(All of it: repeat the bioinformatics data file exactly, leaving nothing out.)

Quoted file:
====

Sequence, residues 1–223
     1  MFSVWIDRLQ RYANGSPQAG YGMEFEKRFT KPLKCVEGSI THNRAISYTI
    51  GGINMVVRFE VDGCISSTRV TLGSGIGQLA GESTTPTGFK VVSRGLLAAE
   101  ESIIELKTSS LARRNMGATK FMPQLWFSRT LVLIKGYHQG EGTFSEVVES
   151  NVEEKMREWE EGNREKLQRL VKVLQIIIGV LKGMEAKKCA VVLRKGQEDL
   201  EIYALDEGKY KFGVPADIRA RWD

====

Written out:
Sequence, residues 1–223
     1  MFSVWIDRLQ RYANGSPQAG YGMEFEKRFT KPLKCVEGSI THNRAISYTI
    51  GGINMVVRFE VDGCISSTRV TLGSGIGQLA GESTTPTGFK VVSRGLLAAE
   101  ESIIELKTSS LARRNMGATK FMPQLWFSRT LVLIKGYHQG EGTFSEVVES
   151  NVEEKMREWE EGNREKLQRL VKVLQIIIGV LKGMEAKKCA VVLRKGQEDL
   201  EIYALDEGKY KFGVPADIRA RWD